Actions of the committee are thus deemed to be that of the Federal Government and are binding on all persons except on the grounds of fraud or wrongful inclusion of private lands in the federal property list.
The LUA in its preamble, vests all land compromised in the territory of each State (except land vested in the Federal government or its agencies) solely in the Governor of the State, who would hold such Land in trust for the people and would henceforth be responsible for allocation of land in all urban areas to individuals resident in the State and to organizations for residential, agriculture, commercial and other purposes while similar powers will with respect to non-urban areas are conferred on Local Governments. By virtue of the provisions of the LUA, the Federal Government of Nigeria also has the power to grant Rights of Occupancy in respect of lands comprised in the Federal Capital Territory (i.e. Abuja and its designated environs), or vested in the Federal Government but located in states territories.
A Governor equally has powers to revoke grants of rights of occupancy made by him. Failure to observe terms and condition of a grant, failure to pay rent, or the use of land against its specified purposes or the need of land by government for overriding public interest are all possible grounds for revocation of grant (Sec 28 & 38 of LUA). As sovereign as the State government appears however, Section 49 of the LUA states that nothing in the Act shall affect any title to land whether developed or undeveloped, held by the Federal Government or any agency of the Federal Government at the commencement of the Act and, accordingly, any such land shall continue to vest in the Federal Government or the agency concerned. This means that the state can only revoke lands acquired from the onset of the Act and not before.
A recent case on the ownership of Federal government owned lands by State government is AG Lagos v AG Federation and 35 Ors (2003) 12 NWLR (Pt.833) decided by the Supreme Court. The issues for deliberation were as follows:
Whether Urban and Regional Planning (Town Planning) as well as the regulation of physical development in relation to any land in Lagos State were within the legislative and executive jurisdiction of the Federal Government; Whether the Urban and Regional Planning Decree No.8 of 1992 is inconsistent with the provisions of Sections 4 of the 1999 Constitution, therefore unlawful, null and void; Whether the ownership rights of the Federal Government over land in State territories include the power to control and regulate town planning and physical development in relation to such lands; Whether all approvals, permits, and licenses granted by the Federal Government or any of its Agencies for any construction, building or physical development or use of lands in Lagos state without the consent of the State Government are illegal, null and void.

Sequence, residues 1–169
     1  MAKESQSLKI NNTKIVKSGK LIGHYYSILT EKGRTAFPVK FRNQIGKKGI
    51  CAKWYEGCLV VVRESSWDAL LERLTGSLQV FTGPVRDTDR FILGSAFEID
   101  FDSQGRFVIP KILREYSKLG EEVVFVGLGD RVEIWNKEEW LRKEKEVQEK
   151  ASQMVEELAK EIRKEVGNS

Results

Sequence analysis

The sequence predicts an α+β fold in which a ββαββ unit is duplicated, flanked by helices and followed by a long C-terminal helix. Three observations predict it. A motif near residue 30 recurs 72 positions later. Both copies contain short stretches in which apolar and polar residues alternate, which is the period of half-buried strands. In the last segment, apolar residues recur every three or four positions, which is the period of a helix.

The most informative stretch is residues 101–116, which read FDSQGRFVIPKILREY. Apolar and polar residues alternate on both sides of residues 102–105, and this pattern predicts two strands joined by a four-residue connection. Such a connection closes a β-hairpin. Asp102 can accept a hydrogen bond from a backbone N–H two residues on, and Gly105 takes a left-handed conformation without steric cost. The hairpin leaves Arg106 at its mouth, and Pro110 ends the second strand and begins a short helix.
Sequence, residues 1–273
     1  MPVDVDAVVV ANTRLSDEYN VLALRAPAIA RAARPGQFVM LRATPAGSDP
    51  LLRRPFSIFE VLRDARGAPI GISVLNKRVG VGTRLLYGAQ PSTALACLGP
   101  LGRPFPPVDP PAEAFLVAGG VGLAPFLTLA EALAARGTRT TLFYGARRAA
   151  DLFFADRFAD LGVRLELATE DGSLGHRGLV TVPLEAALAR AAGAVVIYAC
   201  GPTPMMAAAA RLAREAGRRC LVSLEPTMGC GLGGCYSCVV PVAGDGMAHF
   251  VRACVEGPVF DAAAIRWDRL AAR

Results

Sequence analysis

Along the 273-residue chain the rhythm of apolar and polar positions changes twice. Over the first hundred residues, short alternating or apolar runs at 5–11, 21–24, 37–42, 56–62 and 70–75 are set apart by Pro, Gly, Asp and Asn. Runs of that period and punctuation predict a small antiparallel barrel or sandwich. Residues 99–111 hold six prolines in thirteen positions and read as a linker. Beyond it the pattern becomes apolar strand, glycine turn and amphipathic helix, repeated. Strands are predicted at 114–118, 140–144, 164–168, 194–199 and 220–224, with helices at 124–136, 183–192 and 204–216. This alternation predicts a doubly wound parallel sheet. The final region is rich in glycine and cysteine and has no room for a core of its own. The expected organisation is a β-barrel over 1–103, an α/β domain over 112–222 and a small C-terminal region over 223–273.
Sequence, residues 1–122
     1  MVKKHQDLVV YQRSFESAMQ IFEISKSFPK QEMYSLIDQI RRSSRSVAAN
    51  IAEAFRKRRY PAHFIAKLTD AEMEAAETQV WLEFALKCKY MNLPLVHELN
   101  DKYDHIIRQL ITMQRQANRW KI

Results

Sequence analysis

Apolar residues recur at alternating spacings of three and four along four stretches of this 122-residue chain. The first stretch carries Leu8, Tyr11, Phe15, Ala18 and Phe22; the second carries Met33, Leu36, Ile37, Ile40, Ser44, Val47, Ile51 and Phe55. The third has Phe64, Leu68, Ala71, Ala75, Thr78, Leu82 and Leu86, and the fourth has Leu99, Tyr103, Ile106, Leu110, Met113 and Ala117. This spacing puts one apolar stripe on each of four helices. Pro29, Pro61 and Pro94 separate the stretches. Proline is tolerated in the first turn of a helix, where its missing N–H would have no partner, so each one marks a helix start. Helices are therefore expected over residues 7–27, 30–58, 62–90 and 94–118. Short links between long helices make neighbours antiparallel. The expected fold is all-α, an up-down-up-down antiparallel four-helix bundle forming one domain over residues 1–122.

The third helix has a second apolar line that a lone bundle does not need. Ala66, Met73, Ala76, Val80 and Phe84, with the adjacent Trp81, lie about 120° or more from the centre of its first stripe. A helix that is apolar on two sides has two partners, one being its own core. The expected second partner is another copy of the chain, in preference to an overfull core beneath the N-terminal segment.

In its verdict, the Supreme Court held that the State Governments had control over the physical planning and developmental control within their territory. The apex court further ruled that all development permits issued by the Federal Government to the buyers of its properties in Lagos from 1999 to that date subsisted, but henceforth, owners of such properties must obtain relevant permits from the State Government. This ruling further gave the Lagos State Government the authority to impose all compartments of levies on the Federal Government Lessees. It is worthy of note that these levies, cover the usual cost of obtaining the Governor’s Consent on a transfer of title in Lagos State. Unfortunately, these charges have not been challenged by any person or authority, and until successfully challenged, stand as law.
Recently, in a case between Federal Government & ors v Governor of Anambra State which has been ongoing, concerning the revocation of land in Anambra; the land originally belonged to the federal government but because of certain reasons it was revoked by Anambra state. The issue was taken to the Supreme Court and the decision is still pending.
In conclusion, lands comprised within the territory have been vested in state government by virtue of Section 1 of the LUA thus making all landed properties located in different geographical areas of the country under the control of the state government. Therefore drawing inference from the decision of the court in A.G LAGOS STATE V A.G FEDERATION (supra), it can be concluded that the revocation of Federal government owned lands, acquired after the Act, by state government is legal and binding on all States within the Federation.
Mosopefoluwa Adewunmi Amao and Oluboba Oluwatobi Oluwaseyi are 300 level students of the Faculty of Law, University of Lagos. They are both members of the Mooting Society, University of Lagos and have interests in Human Rights, Intellectual Property, Constitutional law; and Family law, Intellectual Property and Constitutional law respectively.